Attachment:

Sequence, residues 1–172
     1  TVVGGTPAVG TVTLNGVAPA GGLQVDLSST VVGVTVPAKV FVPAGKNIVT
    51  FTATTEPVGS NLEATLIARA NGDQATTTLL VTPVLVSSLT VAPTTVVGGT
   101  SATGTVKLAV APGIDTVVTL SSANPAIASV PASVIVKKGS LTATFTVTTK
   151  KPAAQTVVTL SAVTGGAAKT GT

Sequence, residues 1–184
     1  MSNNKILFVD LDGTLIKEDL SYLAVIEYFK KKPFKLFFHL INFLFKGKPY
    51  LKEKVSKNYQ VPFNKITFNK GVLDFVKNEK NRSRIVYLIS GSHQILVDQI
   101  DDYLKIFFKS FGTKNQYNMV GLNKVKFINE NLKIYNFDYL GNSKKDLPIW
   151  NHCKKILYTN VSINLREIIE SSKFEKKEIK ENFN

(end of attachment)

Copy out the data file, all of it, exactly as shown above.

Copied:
Sequence, residues 1–172
     1  TVVGGTPAVG TVTLNGVAPA GGLQVDLSST VVGVTVPAKV FVPAGKNIVT
    51  FTATTEPVGS NLEATLIARA NGDQATTTLL VTPVLVSSLT VAPTTVVGGT
   101  SATGTVKLAV APGIDTVVTL SSANPAIASV PASVIVKKGS LTATFTVTTK
   151  KPAAQTVVTL SAVTGGAAKT GT

Sequence, residues 1–184
     1  MSNNKILFVD LDGTLIKEDL SYLAVIEYFK KKPFKLFFHL INFLFKGKPY
    51  LKEKVSKNYQ VPFNKITFNK GVLDFVKNEK NRSRIVYLIS GSHQILVDQI
   101  DDYLKIFFKS FGTKNQYNMV GLNKVKFINE NLKIYNFDYL GNSKKDLPIW
   151  NHCKKILYTN VSINLREIIE SSKFEKKEIK ENFN